Here are some of the highlights.
"I gave four lectures in several Turkish Universities this month; my hosts and the Turkish people received me with incomprehensible affection, which of course has also been directed towards Jobbik and the entire Hungarian nation."
"During my trip, I met politicians and members of Turkey's business community as well. One of the most remarkable things that happen to me was that people recognized me on the street in Istanbul with the population of 20 million. In the subway a young soccer player came up to me and hugged me. It meant a lot to him that I have come to visit them as a brother."
"I have been talking about Turkey's strategic significance for years, after all we are talking about a country of 80 million people, which has the second largest army in NATO, and its economic development over the past 10 years comparable only to China... Also let's not forget that this is the country that sent aid ships to the Gaza Strip... The Turkish people despite all of our historical conflicts consider us relatives...A boulevard in the center of Istanbul is called the "Hungarian brothers" boulevard. In school they teach that the Hungarians are relatives... Against this background, it would be a colossal mistake if the Hungarian foreign policy ignore this brotherly bond while we have no allies in the international arena."
"I wrote an article in 2010 in which I outlined that the real division in the world today is not among religions, cultures or countries, but among forces that are trying to preserve tradition and those opposing it. Currently, Islam is the most able force that can resist the unipolar world order advocated by the United States."
"We Hungarians have to join forces with those that fight for a just world order. This force could be a country or a community, it can be Christian, Muslim or Buddhist. The point is that not to be a servant of global liberalism. Hungary today allied itself with forces that destroyed its economy, took advantage of its cheap labor force, flooded its markets with their own goods, forced the country into senseless wars, trample on our national tradition and call us racist. Is it good for us? I ask."
Isn't it weird that the leader of a party that stands for Christian values and whose president is a Roman Catholic makes such pro-Islamic statements?
"It is, especially if these statements are misinterpreted. This issue is not about supporting Islam against Christianity. I said Islamic cultures were more protective of their tradition than the Christian ones. This is a fact. I wish if the Christian churches would be more forceful in preserving national tradition, and firmly denounce the intellectual and spiritual pollution of liberalism. As a Roman Catholic, I have said many times before, it is not right if the church is content with merely being a religious institution, and not speaking up against lies. The ideological struggle should also be undertaken by the religious institutions."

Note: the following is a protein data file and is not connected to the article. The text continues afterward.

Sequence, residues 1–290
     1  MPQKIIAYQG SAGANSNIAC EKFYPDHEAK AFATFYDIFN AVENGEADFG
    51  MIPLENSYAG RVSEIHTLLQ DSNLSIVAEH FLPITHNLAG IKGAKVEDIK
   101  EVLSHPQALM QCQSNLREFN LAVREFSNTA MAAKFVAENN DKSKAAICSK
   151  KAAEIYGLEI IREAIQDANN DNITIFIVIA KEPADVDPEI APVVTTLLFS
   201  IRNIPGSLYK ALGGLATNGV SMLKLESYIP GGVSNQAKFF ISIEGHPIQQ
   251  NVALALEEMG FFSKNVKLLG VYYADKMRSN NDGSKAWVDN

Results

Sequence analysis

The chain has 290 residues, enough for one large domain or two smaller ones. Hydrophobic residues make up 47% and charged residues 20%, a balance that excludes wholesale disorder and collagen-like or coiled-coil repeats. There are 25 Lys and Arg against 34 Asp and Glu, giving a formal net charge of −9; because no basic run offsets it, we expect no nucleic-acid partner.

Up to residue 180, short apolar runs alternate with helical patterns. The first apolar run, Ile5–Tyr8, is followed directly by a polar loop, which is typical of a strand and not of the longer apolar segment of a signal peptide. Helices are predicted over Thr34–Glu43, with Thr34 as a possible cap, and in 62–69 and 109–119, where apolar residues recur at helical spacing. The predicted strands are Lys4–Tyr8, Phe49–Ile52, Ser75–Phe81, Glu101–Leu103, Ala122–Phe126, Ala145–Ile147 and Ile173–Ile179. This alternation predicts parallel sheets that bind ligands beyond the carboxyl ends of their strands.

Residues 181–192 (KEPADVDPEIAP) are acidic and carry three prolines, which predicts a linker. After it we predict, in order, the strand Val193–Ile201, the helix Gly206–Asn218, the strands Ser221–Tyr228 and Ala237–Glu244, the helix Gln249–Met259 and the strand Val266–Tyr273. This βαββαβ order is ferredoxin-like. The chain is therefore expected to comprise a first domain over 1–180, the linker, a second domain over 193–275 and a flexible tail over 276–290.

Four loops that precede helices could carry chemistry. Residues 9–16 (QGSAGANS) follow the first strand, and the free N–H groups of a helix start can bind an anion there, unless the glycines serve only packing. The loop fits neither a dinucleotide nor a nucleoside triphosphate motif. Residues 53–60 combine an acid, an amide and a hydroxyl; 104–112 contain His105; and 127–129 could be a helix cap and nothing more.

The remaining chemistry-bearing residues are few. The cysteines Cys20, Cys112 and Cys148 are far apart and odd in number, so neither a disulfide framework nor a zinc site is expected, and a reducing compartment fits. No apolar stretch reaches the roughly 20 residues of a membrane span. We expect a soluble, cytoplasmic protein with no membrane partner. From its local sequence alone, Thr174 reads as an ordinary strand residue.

"Jobbik is a political party that defines itself based on Christian values, but the actual relationship with God should be a personal affair. As a Hungarian, for me Christianity carries universal human values, which are the same in all world religions. Therefore, there is a need for dialogue among the different religious groups -- at national level, ecumenism, and internationally dialogue between world's religions. The Turanian alliance could be exemplary in this regard, as it made up by countries with Christian, Muslim, and Buddhist backgrounds. I do not know whether you noticed that the president of the racist and xenophobic Jobbik party is talking about dialogue of cultures and religions."
Are you not afraid that these pro-Islamic statements make it impossible for your party to forge future alliances with the national radical parties in Western Europe?
"Obviously, in countries such as Austria or France that are suffering from the problem of immigration, are very difficult to consider the Islamic world as an ally in the struggle against globalism. I can understand their anger. But they also need to understand that based on the behavior of refugees the entire Islamic community of half a billion can't be judged. My position concerning the Islamic world shouldn't be understood that I advocate the conversion of Europe into the Muslim faith, neither that I support immigration. I personally, appreciate all peoples and cultures and I would be happy to learn more about them in their natural environments."
(alfahir.hu – hungarianambiance.com)